The GDPR Is Full Of Holes, Canadian Report Says

The EU’s GDPR has numerous flaws that preclude its use as a model for Canada -- and probably the United States, judging by Privacy Law Pitfalls: Lessons Learned from the European Union, a study by the Canadian Marketing Association (CMA). 

The GDPR, which took effect in 2018, “has proven after more than three years to be much better in theory than in practice,” states John Wiltshire, president and CEO of the CMA. 

Based on studies researched by the CMA, the GDPR’s many pitfalls include: 

  • Staggering regulatory burden — Governments lack the human, financial and technical resources to enforce the GDPR, according to 21 European countries surveyed by the European Data Protection Board.
  • Stifled innovation and growth — Companies have diverted sources that would been better applied to more meaningful privacy protections and innovation. That includes 23% who cited hampered plans to create new products and 22% who sought to fuel growth through international expansion. 
  • Disproportionate impact on SMEs — Small businesses have faced challenges in interpreting the GDPR even while consumer data is critical to their ability to compete and contribute to local economic growth.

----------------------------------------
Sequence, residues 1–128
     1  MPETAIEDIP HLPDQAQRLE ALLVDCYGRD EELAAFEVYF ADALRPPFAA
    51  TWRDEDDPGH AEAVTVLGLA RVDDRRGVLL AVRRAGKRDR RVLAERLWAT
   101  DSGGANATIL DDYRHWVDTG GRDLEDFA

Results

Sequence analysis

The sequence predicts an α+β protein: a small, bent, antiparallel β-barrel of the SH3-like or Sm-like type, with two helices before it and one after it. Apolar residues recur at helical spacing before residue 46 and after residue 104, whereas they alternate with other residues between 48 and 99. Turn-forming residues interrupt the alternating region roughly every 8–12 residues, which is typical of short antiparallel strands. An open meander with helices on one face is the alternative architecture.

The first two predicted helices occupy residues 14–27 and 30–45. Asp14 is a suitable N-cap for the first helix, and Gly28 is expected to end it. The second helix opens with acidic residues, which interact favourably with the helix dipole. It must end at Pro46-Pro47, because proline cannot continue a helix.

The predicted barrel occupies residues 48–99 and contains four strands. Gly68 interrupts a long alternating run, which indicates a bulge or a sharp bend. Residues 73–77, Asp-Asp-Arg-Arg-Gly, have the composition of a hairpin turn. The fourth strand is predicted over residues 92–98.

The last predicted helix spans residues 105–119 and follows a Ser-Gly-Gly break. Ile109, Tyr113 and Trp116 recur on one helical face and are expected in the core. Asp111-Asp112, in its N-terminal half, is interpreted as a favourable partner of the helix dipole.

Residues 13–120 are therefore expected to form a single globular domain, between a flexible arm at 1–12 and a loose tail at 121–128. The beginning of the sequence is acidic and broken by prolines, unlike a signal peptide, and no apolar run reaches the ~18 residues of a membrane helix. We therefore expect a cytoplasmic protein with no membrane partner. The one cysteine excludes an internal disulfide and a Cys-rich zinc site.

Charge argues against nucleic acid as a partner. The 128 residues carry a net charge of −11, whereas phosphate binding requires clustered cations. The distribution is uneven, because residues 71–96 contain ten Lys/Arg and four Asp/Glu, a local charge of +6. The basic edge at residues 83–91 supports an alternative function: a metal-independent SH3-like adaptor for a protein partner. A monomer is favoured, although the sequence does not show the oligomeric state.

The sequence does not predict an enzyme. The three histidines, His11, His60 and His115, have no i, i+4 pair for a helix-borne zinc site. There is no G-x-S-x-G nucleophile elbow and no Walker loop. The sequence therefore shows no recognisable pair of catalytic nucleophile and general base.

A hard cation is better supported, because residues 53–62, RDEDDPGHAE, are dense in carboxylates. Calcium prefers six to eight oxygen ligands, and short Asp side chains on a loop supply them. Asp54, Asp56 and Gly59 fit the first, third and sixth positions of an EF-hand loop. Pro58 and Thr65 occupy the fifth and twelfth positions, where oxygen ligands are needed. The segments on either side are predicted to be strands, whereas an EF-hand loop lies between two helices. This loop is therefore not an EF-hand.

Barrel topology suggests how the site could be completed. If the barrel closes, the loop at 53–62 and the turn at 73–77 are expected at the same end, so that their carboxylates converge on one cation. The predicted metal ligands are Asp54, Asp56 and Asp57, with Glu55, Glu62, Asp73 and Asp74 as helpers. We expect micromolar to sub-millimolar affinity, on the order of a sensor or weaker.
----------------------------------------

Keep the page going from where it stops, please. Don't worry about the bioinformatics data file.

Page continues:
• Complexity for consumers — EU consumers are suffering from increased “consent fatigue.” They are less likely to carefully review notices and make informed decisions, and face a slow resolution process in cross-border cases. 

Canada is expected to update its private-sector privacy law this spring, but clearly will not replicate the GDPR. The new law would replace the Personal Information Protection and Electronic Documents Act (PIPEDA), needs updating after serving for over a decade.

“The GDPR’s pitfalls show us that rigidity and complexity create extensive hurdles for businesses, governments and consumers alike, and Canada needs to take a more proportionate and less burdensome approach.” Wiltshire says.


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